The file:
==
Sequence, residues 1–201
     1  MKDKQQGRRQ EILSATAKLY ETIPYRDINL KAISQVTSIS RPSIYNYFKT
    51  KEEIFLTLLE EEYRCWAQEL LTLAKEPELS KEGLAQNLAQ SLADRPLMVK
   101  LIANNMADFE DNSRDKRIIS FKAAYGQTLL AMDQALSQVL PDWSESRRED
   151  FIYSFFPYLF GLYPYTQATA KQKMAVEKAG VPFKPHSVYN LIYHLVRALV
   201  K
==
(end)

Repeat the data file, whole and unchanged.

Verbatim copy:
Sequence, residues 1–201
     1  MKDKQQGRRQ EILSATAKLY ETIPYRDINL KAISQVTSIS RPSIYNYFKT
    51  KEEIFLTLLE EEYRCWAQEL LTLAKEPELS KEGLAQNLAQ SLADRPLMVK
   101  LIANNMADFE DNSRDKRIIS FKAAYGQTLL AMDQALSQVL PDWSESRRED
   151  FIYSFFPYLF GLYPYTQATA KQKMAVEKAG VPFKPHSVYN LIYHLVRALV
   201  K